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Bionic Eye

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by

Hannah Feldmeier

on 18 March 2014

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Transcript of Bionic Eye

Pros and Cons
Bionic Eye

By: Hannah Feldmeier & Bella Hopkins
Period 2
Who developed it and why?
Surgeons at the Royal Victorian Eye and Ear Hospital in Melbourne. Penny Allen is the main surgeon. The bionic eye was invented so blind people can see.
How can a person get it and what is its cost?
They are trying not to over-engineer it so the cost is reasonable and so people can afford it without having to be super wealthy. The total cost is $115,000 - $100,000 for the actual bionic eye, and $15,000 for the surgery to implant the eye. They can get it by scheduling an appointment with a company who specializes in them.
How does it work?
The system consists of a camera attached to a pair of glasses. The glasses transmit high-frequency radio signals to a microchip implant that has been put in the retina. The microchip changes the signals into electrical impulses to stimulate cells in the retina that connect to the optic nerve. The impulses travel down the optic nerve to the vision processing parts of the brain. This is where you interpret the image.
Has it been improved from previous devices and is there a future model being developed?

The scientists started by using the bionic eye to make simple patterns or shapes on the eye to see if the patient could identify them. The scientists say the next step is to add a camera so that patients can see real images, not just the images that are created by the bionic eye. With more electrodes, a more detailed image could be put into the blind persons brain.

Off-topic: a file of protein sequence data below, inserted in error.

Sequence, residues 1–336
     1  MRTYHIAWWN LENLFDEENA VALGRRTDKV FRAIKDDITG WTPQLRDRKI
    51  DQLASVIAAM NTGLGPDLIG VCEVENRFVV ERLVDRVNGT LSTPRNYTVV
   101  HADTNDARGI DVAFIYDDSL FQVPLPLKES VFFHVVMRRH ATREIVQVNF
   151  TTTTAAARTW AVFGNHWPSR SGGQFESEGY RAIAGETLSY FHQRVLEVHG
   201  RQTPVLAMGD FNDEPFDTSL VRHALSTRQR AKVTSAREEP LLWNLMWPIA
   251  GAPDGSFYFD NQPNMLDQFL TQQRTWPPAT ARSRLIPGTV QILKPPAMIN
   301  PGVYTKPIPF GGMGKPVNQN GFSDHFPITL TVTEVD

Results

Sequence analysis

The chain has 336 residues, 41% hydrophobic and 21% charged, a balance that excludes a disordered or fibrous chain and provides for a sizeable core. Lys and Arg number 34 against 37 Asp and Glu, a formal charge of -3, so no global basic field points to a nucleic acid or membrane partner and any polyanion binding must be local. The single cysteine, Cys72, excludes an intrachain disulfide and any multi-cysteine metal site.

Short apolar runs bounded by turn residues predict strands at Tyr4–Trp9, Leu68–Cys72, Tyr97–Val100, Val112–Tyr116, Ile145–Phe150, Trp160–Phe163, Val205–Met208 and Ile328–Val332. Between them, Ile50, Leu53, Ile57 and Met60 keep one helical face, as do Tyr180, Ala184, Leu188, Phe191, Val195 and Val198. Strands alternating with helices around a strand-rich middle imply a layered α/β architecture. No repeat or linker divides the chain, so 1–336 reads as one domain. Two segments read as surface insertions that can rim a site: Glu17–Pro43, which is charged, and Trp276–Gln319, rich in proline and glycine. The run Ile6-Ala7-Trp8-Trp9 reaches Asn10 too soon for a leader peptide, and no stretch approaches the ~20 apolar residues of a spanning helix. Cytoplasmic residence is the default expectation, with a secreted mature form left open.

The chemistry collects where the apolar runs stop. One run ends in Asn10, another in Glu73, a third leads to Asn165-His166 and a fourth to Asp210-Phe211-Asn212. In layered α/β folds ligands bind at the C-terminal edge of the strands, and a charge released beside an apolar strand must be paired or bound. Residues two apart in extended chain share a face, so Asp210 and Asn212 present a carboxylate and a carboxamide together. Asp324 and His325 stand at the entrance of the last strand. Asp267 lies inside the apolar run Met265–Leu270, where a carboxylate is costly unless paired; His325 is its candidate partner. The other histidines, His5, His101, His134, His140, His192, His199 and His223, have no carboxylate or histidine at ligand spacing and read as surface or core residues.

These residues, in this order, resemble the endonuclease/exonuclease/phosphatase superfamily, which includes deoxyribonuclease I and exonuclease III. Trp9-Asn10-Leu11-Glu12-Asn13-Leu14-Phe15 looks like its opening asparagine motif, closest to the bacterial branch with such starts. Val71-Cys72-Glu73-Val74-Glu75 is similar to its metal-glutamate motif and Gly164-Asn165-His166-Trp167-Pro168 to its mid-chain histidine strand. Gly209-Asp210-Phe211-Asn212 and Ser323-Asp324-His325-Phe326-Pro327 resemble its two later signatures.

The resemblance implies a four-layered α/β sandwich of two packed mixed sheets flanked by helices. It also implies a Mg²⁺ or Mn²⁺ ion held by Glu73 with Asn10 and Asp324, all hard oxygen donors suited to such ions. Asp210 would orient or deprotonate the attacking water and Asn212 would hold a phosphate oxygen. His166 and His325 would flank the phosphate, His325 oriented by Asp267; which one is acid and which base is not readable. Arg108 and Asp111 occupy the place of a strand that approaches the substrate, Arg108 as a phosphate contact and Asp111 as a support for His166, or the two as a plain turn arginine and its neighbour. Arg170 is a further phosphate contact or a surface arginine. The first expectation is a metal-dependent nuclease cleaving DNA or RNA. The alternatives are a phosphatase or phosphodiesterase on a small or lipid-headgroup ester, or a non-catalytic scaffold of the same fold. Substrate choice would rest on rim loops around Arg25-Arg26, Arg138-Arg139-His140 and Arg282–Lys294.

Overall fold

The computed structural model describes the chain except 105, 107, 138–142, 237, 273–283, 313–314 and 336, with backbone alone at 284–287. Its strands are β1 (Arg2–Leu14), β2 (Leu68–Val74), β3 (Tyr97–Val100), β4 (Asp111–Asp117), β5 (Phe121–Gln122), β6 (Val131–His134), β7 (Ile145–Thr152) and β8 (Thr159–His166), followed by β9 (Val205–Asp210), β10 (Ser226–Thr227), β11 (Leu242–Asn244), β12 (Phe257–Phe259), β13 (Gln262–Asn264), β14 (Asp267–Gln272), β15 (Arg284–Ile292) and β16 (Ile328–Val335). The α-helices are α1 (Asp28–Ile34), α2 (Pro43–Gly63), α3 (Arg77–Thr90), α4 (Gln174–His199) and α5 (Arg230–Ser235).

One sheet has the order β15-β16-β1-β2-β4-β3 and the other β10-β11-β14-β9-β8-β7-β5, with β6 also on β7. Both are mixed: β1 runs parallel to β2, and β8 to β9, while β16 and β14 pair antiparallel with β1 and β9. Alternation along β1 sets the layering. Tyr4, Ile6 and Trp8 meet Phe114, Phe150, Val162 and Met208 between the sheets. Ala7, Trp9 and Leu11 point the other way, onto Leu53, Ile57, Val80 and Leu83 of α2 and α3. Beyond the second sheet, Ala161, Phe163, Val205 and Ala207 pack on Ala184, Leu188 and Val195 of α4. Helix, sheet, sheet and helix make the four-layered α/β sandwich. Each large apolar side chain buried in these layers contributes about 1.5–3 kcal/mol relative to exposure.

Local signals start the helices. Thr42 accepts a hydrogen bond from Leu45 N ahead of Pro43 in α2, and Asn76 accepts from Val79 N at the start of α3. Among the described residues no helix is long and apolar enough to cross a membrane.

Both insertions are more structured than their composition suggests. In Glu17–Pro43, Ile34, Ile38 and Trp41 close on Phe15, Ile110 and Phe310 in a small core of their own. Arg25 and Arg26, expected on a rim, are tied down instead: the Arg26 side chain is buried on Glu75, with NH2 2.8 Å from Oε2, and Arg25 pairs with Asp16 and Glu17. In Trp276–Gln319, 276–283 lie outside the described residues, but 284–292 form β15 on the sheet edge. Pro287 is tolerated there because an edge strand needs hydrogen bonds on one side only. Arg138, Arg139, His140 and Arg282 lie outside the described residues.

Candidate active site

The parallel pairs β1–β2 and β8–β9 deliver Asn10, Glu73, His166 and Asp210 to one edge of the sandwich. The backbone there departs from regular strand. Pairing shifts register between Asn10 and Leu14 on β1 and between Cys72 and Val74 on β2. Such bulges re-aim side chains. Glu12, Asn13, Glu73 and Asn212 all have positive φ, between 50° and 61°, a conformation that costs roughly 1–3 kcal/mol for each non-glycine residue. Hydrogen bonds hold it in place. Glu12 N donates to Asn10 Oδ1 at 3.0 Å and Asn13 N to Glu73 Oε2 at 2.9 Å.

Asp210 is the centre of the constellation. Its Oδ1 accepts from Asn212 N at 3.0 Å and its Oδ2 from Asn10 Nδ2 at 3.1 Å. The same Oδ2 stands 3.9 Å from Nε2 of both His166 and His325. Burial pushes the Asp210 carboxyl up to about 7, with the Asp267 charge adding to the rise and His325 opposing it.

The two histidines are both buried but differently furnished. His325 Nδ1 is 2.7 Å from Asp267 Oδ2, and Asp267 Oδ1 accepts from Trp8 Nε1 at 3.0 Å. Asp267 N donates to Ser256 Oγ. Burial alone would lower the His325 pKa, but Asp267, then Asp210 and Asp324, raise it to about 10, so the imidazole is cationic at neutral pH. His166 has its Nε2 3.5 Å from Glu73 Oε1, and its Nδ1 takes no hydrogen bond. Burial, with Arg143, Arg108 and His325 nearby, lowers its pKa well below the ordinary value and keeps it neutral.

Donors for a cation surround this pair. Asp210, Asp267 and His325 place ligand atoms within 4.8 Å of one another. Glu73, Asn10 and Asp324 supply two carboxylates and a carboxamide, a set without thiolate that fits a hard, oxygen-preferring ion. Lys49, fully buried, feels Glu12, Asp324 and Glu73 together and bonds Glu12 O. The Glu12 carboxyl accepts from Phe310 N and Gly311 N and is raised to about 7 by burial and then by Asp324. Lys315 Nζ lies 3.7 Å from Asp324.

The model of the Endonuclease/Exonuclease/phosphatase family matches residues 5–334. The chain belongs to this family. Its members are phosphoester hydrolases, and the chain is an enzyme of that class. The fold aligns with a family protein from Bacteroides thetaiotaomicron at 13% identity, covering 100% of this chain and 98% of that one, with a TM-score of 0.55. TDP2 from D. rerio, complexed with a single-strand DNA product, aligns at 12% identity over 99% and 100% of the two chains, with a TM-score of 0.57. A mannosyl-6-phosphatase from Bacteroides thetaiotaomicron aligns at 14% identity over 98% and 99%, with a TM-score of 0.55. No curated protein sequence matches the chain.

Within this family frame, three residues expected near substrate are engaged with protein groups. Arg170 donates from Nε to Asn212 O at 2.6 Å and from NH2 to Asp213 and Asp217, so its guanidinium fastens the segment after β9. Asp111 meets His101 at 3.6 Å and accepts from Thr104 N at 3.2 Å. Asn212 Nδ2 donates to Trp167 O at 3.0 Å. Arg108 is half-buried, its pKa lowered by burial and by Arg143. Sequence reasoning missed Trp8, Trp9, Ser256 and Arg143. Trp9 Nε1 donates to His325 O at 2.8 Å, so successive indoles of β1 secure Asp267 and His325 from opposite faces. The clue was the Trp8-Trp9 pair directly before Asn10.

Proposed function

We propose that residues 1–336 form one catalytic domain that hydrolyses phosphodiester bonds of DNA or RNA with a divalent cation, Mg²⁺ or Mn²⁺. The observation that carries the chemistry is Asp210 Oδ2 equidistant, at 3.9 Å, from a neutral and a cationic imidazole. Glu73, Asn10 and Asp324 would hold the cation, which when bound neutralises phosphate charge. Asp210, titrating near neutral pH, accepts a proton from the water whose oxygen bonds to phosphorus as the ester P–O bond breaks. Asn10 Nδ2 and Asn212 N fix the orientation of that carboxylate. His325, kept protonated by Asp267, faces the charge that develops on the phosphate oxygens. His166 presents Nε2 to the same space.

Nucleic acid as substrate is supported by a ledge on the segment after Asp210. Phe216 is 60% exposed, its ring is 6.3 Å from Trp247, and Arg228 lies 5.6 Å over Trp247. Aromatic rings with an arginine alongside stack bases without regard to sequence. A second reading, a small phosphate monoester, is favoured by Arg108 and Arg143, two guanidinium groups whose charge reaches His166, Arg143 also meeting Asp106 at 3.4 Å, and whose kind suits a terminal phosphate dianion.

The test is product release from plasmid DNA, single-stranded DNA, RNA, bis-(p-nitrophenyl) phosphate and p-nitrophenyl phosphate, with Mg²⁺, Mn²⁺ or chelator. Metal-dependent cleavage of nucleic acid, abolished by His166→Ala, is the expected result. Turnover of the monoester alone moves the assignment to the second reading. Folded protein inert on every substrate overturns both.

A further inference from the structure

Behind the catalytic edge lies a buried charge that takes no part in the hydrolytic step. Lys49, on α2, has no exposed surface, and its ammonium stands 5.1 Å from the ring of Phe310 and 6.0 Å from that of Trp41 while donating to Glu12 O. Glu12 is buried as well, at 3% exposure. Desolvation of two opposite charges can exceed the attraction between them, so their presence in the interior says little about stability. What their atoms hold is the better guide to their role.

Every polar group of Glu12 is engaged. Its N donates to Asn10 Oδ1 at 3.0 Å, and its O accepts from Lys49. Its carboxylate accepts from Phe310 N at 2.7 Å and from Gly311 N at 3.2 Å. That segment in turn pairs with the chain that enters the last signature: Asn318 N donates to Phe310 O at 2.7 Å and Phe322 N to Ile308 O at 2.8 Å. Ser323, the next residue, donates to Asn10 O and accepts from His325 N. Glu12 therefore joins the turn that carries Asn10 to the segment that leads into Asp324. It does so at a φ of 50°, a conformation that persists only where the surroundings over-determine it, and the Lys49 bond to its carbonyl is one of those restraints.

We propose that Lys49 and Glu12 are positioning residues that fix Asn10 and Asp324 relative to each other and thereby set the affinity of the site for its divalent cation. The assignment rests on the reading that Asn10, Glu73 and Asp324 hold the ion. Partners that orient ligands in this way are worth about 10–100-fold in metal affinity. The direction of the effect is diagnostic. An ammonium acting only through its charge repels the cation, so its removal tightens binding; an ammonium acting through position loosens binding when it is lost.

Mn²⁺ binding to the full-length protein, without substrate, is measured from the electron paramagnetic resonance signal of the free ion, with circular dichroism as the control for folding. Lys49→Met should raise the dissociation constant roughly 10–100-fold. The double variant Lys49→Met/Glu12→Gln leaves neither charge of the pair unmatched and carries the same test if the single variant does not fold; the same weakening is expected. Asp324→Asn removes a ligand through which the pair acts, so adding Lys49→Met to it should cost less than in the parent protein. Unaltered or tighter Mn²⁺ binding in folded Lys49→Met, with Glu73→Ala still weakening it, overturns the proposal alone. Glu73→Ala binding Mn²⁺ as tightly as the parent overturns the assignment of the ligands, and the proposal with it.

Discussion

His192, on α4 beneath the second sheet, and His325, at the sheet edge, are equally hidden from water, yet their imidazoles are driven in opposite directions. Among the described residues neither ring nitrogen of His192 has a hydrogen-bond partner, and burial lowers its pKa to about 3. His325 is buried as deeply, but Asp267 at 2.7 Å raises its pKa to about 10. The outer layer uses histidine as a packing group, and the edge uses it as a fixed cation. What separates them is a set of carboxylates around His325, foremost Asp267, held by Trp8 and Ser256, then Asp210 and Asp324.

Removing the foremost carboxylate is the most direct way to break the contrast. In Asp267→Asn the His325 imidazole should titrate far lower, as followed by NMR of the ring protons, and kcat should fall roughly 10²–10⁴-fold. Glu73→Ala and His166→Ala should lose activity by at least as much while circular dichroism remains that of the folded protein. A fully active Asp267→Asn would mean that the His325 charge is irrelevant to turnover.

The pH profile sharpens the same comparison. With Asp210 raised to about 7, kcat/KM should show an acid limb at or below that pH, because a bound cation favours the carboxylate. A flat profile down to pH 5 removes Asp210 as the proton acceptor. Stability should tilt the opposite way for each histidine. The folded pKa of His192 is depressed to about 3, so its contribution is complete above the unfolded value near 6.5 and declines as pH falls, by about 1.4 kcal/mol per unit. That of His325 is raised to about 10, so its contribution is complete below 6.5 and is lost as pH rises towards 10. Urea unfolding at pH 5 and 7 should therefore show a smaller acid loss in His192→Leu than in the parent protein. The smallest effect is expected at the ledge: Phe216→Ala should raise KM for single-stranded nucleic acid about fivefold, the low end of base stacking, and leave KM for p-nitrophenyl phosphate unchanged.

Bionic Eye
Bionic Eye Images!
Bibliography
"Home : Bionic Vision Australia." Home : Bionic Vision Australia. N.p., n.d. Web. 14 Mar. 2014.
"Shedding a Light on Blinds: Bionic Eyes Are Ready to Use." Scientific Wizard RSS. N.p., n.d. Web. 15 Mar. 2014.
Garrison, K. 2013, May 24). Course: The Bionic Eye.
Retrieved from http://kgarris6it103.blogspot.com/2013/05/the-bionic-eye-advantages-and.html
"Argus II Bionic Eye: 6 Fast Facts You Need to Know." Heavy Tech. N.p., n.d. Web. 17 Mar. 2014.
Other Facts
*The first bionic eye clinical trial was in 2013
* Bionic Eye Production is mostly in Australia and parts of Europe
*The Australian Research Council gave a 42 million dollar grant to make a prototype of the bionic eye
*The Argus II Bionic Eye is named after Argus Panoptes- a Greek myth about monster with over 1,000 eyes all over his body
*The Argus II Bionic Eye won't cure blindness


*Blind people can see
*can be easily implanted
*research isn't limited by budget
*doesn't have limited access anymore

*it is very expensive
*people with the implant won't see what people with
healthy eyes would see
* it will take training to get used to the implant
*it is still being researched
PROS
cons
Full transcript